Saturday, April 24, 2010

Raynaud's Phenomenon

After my thyroid issues, things were quiet and I was healthy for a few years.

In the fall of 2002, I started noticing that my hands would get unusually cold, blue, and go numb while I was at work. I was a computer geek as my day job, so I worked in areas where the temps are kept quite cool to maintain the servers and computer equipment. So, at first, I just dismissed it as, it's cold in here.

                                                         This is what a severe Raynaud's episode can look like

Then I noticed the skin on my fingers was hard and peeling really badly. Almost like a snake molting its skin. I had just returned from a week long trip to California and attributed the skin changes to going from our humid climate, to the desert, back to humidity.

I let this go on for a week or two more until my co-worker urged me to go get it checked out. My fingers would be REALLY blue at work and was kind of freaking people out.

So, I made an appointment with the good doc and was sure that he'd tell me there was nothing wrong me. I was sure I wouldn't have any evidence to show him of the blue fingers because it only seemed to happen at work. Well, we know how cold they keep those dang doctor's offices! By the time the doctor came in to see me, my fingers were nice and bluish-purple and all ready to be checked out.

He asked me what was going on and I gave him all my explanations while he looked at my hands. When I was done talking, he said "You have Raynaud's Phenomenon." He explained that when my body senses any amount of cold, it "freaks out" and closes the vessels in my fingers to keep the blood flowing to my core to protect my major organs. This can also happen in the toes, nose, and ear lobes.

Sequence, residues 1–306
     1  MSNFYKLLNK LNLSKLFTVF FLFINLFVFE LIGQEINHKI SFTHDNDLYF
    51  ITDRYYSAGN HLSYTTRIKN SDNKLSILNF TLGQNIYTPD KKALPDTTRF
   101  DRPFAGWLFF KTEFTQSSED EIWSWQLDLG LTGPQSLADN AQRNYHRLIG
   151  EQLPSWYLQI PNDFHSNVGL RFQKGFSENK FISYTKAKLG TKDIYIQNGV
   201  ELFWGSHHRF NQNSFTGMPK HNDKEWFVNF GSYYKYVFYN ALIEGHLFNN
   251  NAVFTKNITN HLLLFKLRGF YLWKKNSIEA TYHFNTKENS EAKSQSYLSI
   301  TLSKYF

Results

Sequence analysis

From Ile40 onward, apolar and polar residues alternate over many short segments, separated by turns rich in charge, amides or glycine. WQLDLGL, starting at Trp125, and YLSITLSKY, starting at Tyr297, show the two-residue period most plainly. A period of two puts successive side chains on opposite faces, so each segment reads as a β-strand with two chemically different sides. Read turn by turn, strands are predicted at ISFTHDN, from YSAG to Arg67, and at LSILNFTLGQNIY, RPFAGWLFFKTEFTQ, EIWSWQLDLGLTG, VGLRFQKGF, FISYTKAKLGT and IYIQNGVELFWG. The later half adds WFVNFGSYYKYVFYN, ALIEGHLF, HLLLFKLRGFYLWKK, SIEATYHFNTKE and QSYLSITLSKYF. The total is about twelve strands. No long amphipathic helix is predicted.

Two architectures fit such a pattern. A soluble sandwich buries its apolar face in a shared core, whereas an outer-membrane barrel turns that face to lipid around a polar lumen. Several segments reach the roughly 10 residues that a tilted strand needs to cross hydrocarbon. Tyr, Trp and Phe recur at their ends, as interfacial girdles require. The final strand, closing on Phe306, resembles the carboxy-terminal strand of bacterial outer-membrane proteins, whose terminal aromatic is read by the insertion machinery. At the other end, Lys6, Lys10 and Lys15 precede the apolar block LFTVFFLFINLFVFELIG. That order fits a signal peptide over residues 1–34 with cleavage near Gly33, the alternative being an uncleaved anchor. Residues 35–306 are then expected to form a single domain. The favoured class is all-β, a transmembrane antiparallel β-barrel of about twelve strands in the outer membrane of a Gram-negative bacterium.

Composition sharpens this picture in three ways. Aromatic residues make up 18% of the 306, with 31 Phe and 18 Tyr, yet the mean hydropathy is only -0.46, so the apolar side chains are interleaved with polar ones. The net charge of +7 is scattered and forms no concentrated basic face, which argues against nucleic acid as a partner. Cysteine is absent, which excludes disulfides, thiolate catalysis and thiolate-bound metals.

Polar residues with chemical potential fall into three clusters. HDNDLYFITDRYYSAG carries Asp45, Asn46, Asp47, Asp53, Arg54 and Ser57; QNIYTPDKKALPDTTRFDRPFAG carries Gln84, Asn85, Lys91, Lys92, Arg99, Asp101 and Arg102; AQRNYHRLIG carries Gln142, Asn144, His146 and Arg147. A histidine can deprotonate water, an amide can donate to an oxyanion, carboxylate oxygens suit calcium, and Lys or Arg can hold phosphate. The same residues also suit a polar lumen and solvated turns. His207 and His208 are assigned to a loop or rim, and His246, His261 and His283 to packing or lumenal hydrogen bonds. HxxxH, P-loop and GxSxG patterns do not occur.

Sometimes it can be a condition that occurs all by itself, called Primary Raynaud's. Other times, it can be secondary to another condition, usually one of a list of autoimmune diseases, if it is an underlying condition, then it is called Secondary Raynaud's.

Since I already had autoimmune thyroid disease, and the peeling and hardening factor in the skin on my fingertips, the doc thought it was a good idea to run a myriad of other tests to see if anything else is going on. He told me he thought I might have Scleroderma.

Who? What? Scler-a-huh?

At this appointment we didn't get into that just yet.  He wanted to get the test results first.

1 comment:

Sparrow said...

So glad you are writing all this down. Seeing the process is enlightening to me, I am sure though it brings up a whole slew of feelings recalling each terrifying step. It takes a strong person to recall and recount details like this.